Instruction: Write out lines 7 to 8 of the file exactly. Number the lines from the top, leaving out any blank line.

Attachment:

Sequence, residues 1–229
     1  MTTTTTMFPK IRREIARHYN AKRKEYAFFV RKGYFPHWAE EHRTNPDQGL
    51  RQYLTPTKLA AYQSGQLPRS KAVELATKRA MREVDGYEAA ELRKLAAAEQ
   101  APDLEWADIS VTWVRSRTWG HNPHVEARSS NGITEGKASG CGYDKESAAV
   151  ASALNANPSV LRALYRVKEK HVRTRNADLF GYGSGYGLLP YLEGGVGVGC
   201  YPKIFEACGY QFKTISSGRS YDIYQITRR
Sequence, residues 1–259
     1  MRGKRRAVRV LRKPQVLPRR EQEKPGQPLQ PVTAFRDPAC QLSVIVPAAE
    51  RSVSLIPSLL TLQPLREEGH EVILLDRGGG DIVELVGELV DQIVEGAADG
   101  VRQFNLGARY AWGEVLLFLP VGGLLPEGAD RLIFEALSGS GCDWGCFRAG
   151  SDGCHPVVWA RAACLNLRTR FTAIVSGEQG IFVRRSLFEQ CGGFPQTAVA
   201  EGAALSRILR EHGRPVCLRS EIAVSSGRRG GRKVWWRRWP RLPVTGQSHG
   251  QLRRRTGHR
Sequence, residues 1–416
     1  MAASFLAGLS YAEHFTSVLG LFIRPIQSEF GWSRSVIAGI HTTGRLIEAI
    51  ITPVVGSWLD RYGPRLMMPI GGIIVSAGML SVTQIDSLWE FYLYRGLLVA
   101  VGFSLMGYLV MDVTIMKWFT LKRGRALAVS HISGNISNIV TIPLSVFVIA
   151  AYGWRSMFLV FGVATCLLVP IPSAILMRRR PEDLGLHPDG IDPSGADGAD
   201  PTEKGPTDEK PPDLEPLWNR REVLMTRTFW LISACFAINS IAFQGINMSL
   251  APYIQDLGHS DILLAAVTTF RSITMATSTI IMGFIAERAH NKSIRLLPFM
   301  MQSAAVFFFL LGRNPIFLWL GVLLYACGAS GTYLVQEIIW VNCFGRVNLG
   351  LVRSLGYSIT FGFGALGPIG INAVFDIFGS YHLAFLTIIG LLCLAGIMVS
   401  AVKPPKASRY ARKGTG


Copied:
Sequence, residues 1–259
     1  MRGKRRAVRV LRKPQVLPRR EQEKPGQPLQ PVTAFRDPAC QLSVIVPAAE